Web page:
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Innovation procurement of clean emergency vehicles (Belgium)

By Dagmar Roeller / Updated: 05 Sep 2016

The city of Ghent and Ghent Fire Brigade have been co-operating on innovation procurement contracts for years with the aim of finding innovative solutions to improve efficiency and to reduce the adverse environmental impact of logistics transport. To identify and purchase the most suitable energy-efficient emergency vehicles, the city of Ghent and the fire service joined forces with the UK's London Fire Brigade (LFB).

Context 

The LFB is one of the world’s largest firefighting organisations dealing with 140 000 emergencies per year and with a 500-vehicle fleet. The co-operation between Ghent and London was facilitated by the EU co-funded FIRED-UP project, which brought together Ghent’s ambition to purchase new second-line firefighting vehicles and LFB’s plans to install telematics to meet London’s low-emission zone requirements. Second-line interventions cover all logistics necessary following the arrival of the first fire engines. This can include vehicles providing additional tools or extra foam, to name just a few. The idea of purchasing new vehicles through a joint procurement contract was considered. However, the differences in management, laws, country-specific requirements, and the different specific equipment needs proved too complex. Instead Ghent and London decided to support, advise and comment on each other’s procurement processes, in order to shape the framework contracts to mutual benefit.

In action 

During an initial scoping session, requirements for the new second-line fire fighting vehicles were defined as:

  • Multifunctional - several functions combined into one vehicle to comply with the specifications
  • Ecological - producing lower emissions by aiming for the EURO VI standard, using materials which can be recycled or reused, and through lower fuel consumption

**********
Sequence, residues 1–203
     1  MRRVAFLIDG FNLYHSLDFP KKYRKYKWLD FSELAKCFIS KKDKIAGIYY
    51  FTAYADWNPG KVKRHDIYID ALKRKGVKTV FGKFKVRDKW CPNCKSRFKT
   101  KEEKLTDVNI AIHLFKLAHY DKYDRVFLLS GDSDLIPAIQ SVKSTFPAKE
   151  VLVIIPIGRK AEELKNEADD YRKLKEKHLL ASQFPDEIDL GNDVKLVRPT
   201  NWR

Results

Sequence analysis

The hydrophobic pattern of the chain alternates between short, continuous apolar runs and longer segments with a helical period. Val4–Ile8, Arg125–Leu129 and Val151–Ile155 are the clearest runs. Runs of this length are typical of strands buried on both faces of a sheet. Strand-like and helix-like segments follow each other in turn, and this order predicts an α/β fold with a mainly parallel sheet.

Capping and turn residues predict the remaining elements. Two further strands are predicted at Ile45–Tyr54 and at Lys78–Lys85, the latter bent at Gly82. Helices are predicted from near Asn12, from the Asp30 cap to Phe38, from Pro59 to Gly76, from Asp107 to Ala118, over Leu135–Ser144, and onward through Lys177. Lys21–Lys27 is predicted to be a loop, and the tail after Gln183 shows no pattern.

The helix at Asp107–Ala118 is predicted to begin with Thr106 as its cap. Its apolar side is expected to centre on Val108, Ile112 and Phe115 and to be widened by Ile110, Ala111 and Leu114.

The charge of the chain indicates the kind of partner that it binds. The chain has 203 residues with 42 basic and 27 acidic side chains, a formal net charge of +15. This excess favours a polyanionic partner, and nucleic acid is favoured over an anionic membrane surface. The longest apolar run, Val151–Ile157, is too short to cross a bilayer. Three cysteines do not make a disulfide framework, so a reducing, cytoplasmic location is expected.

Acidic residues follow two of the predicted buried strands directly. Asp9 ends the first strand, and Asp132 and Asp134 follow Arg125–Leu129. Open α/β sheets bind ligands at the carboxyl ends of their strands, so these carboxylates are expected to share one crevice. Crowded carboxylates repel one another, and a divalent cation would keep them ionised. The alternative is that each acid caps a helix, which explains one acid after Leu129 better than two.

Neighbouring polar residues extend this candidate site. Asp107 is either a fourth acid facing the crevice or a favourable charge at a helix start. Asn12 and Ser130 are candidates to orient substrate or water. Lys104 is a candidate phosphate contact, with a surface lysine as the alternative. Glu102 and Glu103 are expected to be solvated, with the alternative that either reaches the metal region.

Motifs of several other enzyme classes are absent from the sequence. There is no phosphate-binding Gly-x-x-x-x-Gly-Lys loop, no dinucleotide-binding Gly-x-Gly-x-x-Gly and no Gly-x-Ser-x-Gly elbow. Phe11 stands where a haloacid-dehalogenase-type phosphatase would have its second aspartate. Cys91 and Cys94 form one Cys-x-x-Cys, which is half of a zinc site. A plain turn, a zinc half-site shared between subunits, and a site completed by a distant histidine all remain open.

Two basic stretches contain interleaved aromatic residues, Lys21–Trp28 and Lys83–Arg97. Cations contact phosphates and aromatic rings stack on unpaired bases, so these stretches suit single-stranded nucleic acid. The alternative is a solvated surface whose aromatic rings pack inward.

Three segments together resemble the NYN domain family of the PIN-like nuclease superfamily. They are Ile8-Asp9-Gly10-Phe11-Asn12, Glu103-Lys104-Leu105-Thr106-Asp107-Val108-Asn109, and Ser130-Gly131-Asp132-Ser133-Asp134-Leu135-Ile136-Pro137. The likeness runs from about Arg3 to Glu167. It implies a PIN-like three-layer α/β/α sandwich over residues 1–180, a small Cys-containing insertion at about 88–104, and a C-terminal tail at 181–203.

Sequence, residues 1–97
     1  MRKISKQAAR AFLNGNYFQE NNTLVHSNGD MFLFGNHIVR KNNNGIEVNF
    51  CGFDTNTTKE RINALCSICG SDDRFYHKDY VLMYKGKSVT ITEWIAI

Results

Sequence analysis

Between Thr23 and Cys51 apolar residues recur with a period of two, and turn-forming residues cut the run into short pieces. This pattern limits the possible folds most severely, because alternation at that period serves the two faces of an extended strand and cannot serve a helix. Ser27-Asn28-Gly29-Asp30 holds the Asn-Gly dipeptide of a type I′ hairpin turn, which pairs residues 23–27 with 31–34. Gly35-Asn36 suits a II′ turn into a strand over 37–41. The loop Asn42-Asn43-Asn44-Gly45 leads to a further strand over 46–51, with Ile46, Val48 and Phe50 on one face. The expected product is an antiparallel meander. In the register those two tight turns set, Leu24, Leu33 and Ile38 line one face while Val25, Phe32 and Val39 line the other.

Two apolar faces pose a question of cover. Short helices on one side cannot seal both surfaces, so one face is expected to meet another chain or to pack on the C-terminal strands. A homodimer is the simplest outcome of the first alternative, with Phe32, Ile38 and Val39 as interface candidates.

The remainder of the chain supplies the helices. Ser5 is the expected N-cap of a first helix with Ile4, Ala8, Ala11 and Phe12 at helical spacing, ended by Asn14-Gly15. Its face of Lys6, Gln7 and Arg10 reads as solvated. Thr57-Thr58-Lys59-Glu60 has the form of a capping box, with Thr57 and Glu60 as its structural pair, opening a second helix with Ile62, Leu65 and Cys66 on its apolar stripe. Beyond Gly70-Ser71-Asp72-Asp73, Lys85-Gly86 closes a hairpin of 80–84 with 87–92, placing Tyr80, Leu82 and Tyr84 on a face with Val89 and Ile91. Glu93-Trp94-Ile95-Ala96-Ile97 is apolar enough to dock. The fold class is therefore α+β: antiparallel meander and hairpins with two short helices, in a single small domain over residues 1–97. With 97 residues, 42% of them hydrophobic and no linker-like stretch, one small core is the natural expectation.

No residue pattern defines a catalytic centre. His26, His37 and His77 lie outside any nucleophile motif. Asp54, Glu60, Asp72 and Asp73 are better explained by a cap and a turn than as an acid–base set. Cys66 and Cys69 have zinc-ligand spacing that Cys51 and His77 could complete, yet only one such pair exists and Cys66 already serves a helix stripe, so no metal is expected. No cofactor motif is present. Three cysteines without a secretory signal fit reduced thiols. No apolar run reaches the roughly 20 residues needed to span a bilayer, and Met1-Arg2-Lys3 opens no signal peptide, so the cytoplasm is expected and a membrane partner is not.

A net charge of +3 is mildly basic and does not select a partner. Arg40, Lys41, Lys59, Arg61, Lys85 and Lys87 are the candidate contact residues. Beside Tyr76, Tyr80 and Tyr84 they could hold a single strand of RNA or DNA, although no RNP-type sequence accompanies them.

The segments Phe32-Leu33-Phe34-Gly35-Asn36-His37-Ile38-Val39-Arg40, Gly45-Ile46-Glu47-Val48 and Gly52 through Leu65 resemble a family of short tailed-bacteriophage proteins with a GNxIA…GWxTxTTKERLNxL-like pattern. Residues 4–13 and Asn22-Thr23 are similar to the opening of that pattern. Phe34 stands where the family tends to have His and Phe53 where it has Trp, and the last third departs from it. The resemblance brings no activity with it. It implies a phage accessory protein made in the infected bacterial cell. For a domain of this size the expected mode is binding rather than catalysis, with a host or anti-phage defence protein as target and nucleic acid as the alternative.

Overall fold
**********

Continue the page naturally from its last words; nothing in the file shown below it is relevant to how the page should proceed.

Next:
• Economical - lower running costs for the whole fleet (e.g. do more with the same fleet, or do the same amount with fewer vehicles)

Before launching their tender, Ghent issued a ‘prior information notice’ (PIN) and organised a market consultation in February 2014 which allowed procurers and potential suppliers to meet and to exchange information on the technological options and related risks. The consultation mainly targeted chassis and engine builders, truck-body builders, and manufacturers of cranes, forklifts and container systems. The tender for the procurement of innovative, multi-purpose, second-line vehicles was launched in June 2014. It set out specifications including functions to meet the needs of the users, technological solutions and governance requirements.

Results 

As a result of this process, the City of Ghent and the Ghent Fire Brigade have established a framework contract for a multifunctional second-line fire vehicle which will be more efficient and have a smaller environmental footprint for daily logistics transport. The vehicles have been ordered and delivery is in progress.

Challenges, opportunities and transferability 

In contrast to regular procurement, innovation procurement has more advanced procedures and requires more extensive interaction. This implies higher risk of a breach of legislation, technical failure if the solution is not feasible or suboptimal, and/or delays in the process. Access to London Fire Brigade’s experience was an essential factor in ensuring the success of Ghent’s procurement process. The framework contract allows fire brigades and logistic operators from across Europe to also buy this innovative solution and to adapt it to their needs.

 

 

Region: 
Western Europe
Country: 
Belgium
City: 
Ghent
08 Dec 2015
05 Sep 2016
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